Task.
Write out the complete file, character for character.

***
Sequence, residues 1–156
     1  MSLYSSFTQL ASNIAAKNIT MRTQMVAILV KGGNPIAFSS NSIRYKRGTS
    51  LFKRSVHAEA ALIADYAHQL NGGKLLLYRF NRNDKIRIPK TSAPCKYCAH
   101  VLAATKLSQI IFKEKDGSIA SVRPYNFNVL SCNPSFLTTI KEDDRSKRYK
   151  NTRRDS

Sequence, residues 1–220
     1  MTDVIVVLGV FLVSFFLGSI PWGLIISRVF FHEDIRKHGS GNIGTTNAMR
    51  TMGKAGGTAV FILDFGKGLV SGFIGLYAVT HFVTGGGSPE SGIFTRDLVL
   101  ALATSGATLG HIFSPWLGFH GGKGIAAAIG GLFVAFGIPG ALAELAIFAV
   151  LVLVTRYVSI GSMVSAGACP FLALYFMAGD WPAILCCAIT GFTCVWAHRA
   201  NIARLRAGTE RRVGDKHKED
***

Sequence, residues 1–156
     1  MSLYSSFTQL ASNIAAKNIT MRTQMVAILV KGGNPIAFSS NSIRYKRGTS
    51  LFKRSVHAEA ALIADYAHQL NGGKLLLYRF NRNDKIRIPK TSAPCKYCAH
   101  VLAATKLSQI IFKEKDGSIA SVRPYNFNVL SCNPSFLTTI KEDDRSKRYK
   151  NTRRDS

Sequence, residues 1–220
     1  MTDVIVVLGV FLVSFFLGSI PWGLIISRVF FHEDIRKHGS GNIGTTNAMR
    51  TMGKAGGTAV FILDFGKGLV SGFIGLYAVT HFVTGGGSPE SGIFTRDLVL
   101  ALATSGATLG HIFSPWLGFH GGKGIAAAIG GLFVAFGIPG ALAELAIFAV
   151  LVLVTRYVSI GSMVSAGACP FLALYFMAGD WPAILCCAIT GFTCVWAHRA
   201  NIARLRAGTE RRVGDKHKED